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Tag Archives: Governance

Iran’s pre-election atmosphere is tense due to declining economic conditions, acute inflation, in-fighting among various factions within the government, the effect of sanctions on goods and services, and continued international scrutiny due to Iran’s nuclear program. The memories of the 2009 elections are etched in the public’s consciousness, thereby, adding pressure during this election season and, making the media’s actions a significant site of contention. On the one hand, the resurgence of a few independent media outlets could signal the loosening of some restrictions, but at the same time, it is just as likely to be a regime gimmick to lure the public into participating in the election. The latter can be seen as a risky strategy because of the potential for these more vociferously critical outlets to stir up political unrest among those opposed to the regime, and the recent arrests are likely part of this anxiety. Consequently, some Parliament officials, such as MP Ahmadreza Dastgheyb, have seized upon this as an opportunity to introduce further provisions into the current Press Law in the run-up to the election, strengthening the regime’s ability to supervise media activities, such as publishing potentially provocative content that “might cause harm to the country.” Similarly, the De

Iran’s pre-election atmosphere is tense due to declining economic conditions, acute inflation, in-fighting among various factions within the government, the effect of sanctions on goods and services, and continued international scrutiny due to Iran’s nuclear program. The memories of the 2009 elections are etched in the public’s consciousness, thereby, adding pressure during this election season and, making the media’s actions a significant site of contention. On the one hand, the resurgence of a few independent media outlets could signal the loosening of some restrictions, but at the same time, it is just as likely to be a regime gimmick to lure the public into participating in the election. The latter can be seen as a risky strategy because of the potential for these more vociferously critical outlets to stir up political unrest among those opposed to the regime, and the recent arrests are likely part of this anxiety. Consequently, some Parliament officials, such as MP Ahmadreza Dastgheyb, have seized upon this as an opportunity to introduce further provisions into the current Press Law in the run-up to the election, strengthening the regime’s ability to supervise media activities, such as publishing potentially provocative content that “might cause harm to the country.” Similarly, the De

Senegal President Macky Sall will chair a heads of state roundtable at this year’s African Media Leaders Forum (AMLF) to be held in Dakar on November 8-9.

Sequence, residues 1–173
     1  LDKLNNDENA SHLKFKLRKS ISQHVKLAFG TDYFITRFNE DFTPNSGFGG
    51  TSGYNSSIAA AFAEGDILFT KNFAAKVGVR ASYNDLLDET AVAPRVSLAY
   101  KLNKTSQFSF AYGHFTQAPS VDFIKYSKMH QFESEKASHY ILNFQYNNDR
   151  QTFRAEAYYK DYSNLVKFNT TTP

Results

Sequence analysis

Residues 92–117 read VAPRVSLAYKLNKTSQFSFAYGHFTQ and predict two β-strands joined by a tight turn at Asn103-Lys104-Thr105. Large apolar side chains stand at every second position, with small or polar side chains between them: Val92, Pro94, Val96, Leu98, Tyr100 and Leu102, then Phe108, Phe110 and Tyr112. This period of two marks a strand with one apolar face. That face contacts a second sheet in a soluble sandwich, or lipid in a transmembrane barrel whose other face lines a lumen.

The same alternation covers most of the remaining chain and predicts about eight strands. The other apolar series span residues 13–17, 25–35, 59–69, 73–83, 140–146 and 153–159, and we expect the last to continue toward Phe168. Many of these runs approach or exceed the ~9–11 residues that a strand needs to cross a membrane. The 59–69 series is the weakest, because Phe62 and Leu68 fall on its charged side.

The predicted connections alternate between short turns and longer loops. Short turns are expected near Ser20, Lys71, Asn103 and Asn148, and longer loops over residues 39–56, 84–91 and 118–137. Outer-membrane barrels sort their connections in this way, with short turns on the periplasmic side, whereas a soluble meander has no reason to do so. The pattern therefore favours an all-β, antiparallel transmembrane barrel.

It was not immediately clear how many heads of state were expected to participate in the roundtable but a conservative number of four was offered.

Another innovation this year is a public debate on “Media and Citizenship” organised in partnership with the Council for the Development of Social Sciences in Africa (CODESRIA) at the Cheikh Anta Diop University on November 7.

Organisers said the debate would act as an important curtain raiser to AMLF 2012 with the aim of engaging the public and linking them to this year’s forum theme, Africa 3.0: Strengthening Media and Governance through Citizens’ Engagement and Innovation.

Senegal President Macky Sall will chair a heads of state roundtable at this year’s African Media Leaders Forum (AMLF) to be held in Dakar on November 8-9.

It was not immediately clear how many heads of state were expected to participate in the roundtable but a conservative number of four was offered.

Another innovation this year is a public debate on “Media and Citizenship” organised in partnership with the Council for the Development of Social Sciences in Africa (CODESRIA) at the Cheikh Anta Diop University on November 7.

Organisers said the debate would act as an important curtain raiser to AMLF 2012 with the aim of engaging the public and linking them to this year’s forum theme, Africa 3.0: Strengthening Media and Governance through Citizens’ Engagement and Innovation.

We want to be open. We listen to our audiences and engage in a permanent and meaningful debate. We publish our editorial guidelines. We explain. We correct our mistakes. We strive to report on our policies, budgets, editorial choices. We are transparent and subject to constant public scrutiny. We want our audiences to understand the workings of our media-organisations. We strive to be efficient and managed according to the principles of good governance.

Extract from the EBU’s Declaration on the Core Values of Public Service Media (here’s a shorter summary, and there’s a video version here.